It’s time for us to work together with our aboriginal neighbours

Posted on April 23, 2010 in Equality Debates

Source: — Authors: , , – Opinions – This young, urban population deserves more than the government’s attention
Published on April 23, 2010.   Michael Adams and Ginger Gosnell-Myers and Sonya Kunkel

If someone asked you to describe all the important relationships in your life – to people, places, even to organizations and institutions – where would the federal government rank? For most of us, the government would not even make the list. And yet when it comes to the circumstances and opportunities of first nations, Métis and Inuit peoples, many Canadians assume aboriginal leaders and the federal government are the only ones with a role to play.

Certainly, the government has responsibilities toward aboriginal people. But so do businesses, colleges and universities, non-profit organizations, foundations and citizens. Most aboriginal people in Canada are living where most of us live: in cities. According to the recently released Environics Institute’s Urban Aboriginal Peoples Study, the aspirations of urban aboriginals are broadly similar to those of the average Canadian: a good education, a good family, a good job, a good life.

What can individuals and organizations in Canada do to engage this large, young and rapidly growing population?

Perhaps the first step is to simply look around. According to the 2006 census, Winnipeg has 68,380 aboriginal inhabitants, Edmonton 52,105, Calgary 26,575, Vancouver 40,310, and Toronto 26,575. These are cities within cities, the largest concentration in history of aboriginal peoples in what is now known as Canada. Can we begin to imagine what we might create together in these multicultural cities?

Another good step would be for non-aboriginal Canadians to set aside some of their outdated stereotypes about aboriginal people. Here are three common myths the evidence has exposed as false:

Myth #1: Aboriginal people mostly live in remote communities.

This is a reality for many, but the 2006 census found the majority of aboriginal people live in cities. Moreover, nine in 10 like their cities and seven in 10 see the city where they currently live as home. They are as likely as non-aboriginal city-dwellers to say they feel capable of personally making their city a better place to live in. Aboriginal people’s relationships with their urban communities are neither shallow nor transient.

Myth #2: Aboriginal people have free access to postsecondary education, but do not aspire to this kind of achievement.

When the study asked aboriginal people about their aspirations for themselves and their children, education emerged as the top priority. What is the biggest barrier to higher education in the eyes of urban aboriginals? Cost, overwhelmingly. Across groups (students, graduates and aspiring students), financial constraints were named as the single biggest threat to achieving their educational goals. Postsecondary education for aboriginal students is not free – this myth goes hand in hand with the myth that aboriginals do not pay taxes. (They do.)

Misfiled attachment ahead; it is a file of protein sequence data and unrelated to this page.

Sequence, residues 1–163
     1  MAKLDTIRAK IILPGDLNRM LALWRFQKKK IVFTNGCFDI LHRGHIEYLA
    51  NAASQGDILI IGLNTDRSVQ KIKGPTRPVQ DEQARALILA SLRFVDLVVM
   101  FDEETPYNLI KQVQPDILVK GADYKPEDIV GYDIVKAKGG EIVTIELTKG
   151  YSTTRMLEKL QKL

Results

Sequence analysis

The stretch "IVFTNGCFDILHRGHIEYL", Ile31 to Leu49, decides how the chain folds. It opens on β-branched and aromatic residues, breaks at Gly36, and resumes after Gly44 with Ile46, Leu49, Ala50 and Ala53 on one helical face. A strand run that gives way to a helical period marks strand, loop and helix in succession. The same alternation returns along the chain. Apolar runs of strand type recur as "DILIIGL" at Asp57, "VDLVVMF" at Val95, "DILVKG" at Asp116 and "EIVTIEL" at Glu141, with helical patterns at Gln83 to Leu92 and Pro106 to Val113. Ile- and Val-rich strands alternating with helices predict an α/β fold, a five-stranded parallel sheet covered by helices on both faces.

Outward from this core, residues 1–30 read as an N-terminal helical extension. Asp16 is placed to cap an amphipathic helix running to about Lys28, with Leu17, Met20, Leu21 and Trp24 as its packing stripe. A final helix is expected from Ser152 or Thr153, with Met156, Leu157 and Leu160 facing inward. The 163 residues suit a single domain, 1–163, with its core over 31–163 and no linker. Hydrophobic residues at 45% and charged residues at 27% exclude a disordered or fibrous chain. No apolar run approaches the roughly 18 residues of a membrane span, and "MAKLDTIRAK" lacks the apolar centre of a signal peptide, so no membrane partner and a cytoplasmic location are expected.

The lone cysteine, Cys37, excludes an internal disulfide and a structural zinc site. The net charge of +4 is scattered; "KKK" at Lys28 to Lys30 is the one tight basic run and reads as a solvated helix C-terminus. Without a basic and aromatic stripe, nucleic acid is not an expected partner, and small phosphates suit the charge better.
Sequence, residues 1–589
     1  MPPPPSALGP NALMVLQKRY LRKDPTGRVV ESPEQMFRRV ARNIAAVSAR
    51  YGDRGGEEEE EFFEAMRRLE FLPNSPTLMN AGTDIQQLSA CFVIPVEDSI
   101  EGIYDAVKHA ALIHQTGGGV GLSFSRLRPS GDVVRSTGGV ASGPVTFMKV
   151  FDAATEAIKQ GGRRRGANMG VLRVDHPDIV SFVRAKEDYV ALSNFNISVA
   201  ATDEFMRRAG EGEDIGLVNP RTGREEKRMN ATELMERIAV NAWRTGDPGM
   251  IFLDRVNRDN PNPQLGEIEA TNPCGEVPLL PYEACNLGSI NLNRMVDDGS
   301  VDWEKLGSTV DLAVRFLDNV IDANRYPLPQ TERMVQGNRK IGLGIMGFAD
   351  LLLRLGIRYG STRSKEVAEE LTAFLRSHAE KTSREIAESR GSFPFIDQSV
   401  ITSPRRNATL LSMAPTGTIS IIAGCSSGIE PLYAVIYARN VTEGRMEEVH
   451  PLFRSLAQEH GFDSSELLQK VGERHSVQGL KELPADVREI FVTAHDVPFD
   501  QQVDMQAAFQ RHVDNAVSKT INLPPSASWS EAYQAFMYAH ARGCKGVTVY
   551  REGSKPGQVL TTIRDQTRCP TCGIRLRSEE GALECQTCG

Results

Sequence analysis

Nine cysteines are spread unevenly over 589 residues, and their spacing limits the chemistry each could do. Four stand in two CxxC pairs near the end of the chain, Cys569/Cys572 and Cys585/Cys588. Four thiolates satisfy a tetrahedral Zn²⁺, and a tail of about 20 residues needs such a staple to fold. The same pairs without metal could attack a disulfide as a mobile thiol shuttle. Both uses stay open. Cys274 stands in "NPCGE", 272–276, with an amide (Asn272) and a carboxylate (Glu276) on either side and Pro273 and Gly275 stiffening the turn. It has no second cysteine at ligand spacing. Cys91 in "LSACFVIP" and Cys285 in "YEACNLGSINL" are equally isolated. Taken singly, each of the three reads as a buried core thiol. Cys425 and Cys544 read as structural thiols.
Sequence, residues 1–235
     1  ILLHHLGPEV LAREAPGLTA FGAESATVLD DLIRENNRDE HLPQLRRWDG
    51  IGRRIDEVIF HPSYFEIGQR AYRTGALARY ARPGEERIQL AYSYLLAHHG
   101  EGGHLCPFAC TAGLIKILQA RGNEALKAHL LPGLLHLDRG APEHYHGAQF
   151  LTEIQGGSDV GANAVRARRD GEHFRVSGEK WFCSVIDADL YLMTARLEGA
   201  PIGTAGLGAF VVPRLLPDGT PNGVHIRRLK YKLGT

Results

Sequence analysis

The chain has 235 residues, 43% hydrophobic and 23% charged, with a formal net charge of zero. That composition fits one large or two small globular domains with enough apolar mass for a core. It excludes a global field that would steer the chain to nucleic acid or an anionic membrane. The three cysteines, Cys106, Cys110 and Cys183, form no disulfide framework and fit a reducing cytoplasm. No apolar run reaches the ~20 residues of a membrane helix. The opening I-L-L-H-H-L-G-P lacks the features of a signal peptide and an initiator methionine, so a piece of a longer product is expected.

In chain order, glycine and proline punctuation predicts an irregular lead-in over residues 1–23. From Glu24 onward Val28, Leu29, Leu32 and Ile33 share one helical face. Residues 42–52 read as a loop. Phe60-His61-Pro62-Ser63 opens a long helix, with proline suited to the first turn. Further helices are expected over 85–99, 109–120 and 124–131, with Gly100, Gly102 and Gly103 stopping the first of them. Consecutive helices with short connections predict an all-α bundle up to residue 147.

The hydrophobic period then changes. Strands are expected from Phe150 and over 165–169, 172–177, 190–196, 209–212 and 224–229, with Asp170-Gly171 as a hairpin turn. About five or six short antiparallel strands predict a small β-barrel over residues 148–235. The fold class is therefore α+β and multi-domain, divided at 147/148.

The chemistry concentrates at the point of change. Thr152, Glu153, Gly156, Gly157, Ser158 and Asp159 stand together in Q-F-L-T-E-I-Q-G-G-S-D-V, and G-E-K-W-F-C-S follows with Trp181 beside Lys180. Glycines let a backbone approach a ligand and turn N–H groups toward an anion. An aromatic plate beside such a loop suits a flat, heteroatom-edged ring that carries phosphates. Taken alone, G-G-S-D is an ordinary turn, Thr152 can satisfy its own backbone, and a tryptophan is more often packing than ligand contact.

Myth #3: Aboriginal people need to set aside their traditional cultures and identities in order to succeed in contemporary society.

Dead wrong: Urban aboriginals say that having a strong sense of their own culture and identity is a precondition of – not a barrier to – a successful, fulfilling life. Although urban aboriginals express strong pride in and commitment to their cultures, those who say they are concerned about losing their cultures are in the minority: 17 per cent say they are very concerned, 21 per cent somewhat concerned. In other words, urban aboriginal people have a sense of confidence about the cultural vitality of their urban communities, and they are likely to be open to, not fearful of, the creative collisions that define diverse cities.

The study that gathered these findings is just one example of a project aimed at sparking dialogue about how first nations, Métis, and Inuit peoples might chart their futures in the century to come. Non-aboriginal Canadians, businesses, community organizations and institutions can play a role. Does your corporation have HR policies that recruit and retain aboriginal employees? Is the marketing department courting them? Does your community organization partner with aboriginal organizations? Does your alma mater reach out to prospective aboriginal students and offer them support once they enroll?

Urban aboriginal people are aspiring, striving and achieving in cities across Canada. Ensuring they are met with fairness, opportunity and support is a job for government, but not only for government. After 400 years, is it not time we got started on a better path together? It is a job for all of us.

Michael Adams is president of the Environics Institute. Ginger Gosnell-Myers is the Urban Aboriginal Peoples Study project manager and a member of the Nisga’a First Nation living in Vancouver. Sonya Kunkel is vice-president of public affairs at Environics Research Group and the study report’s lead author.

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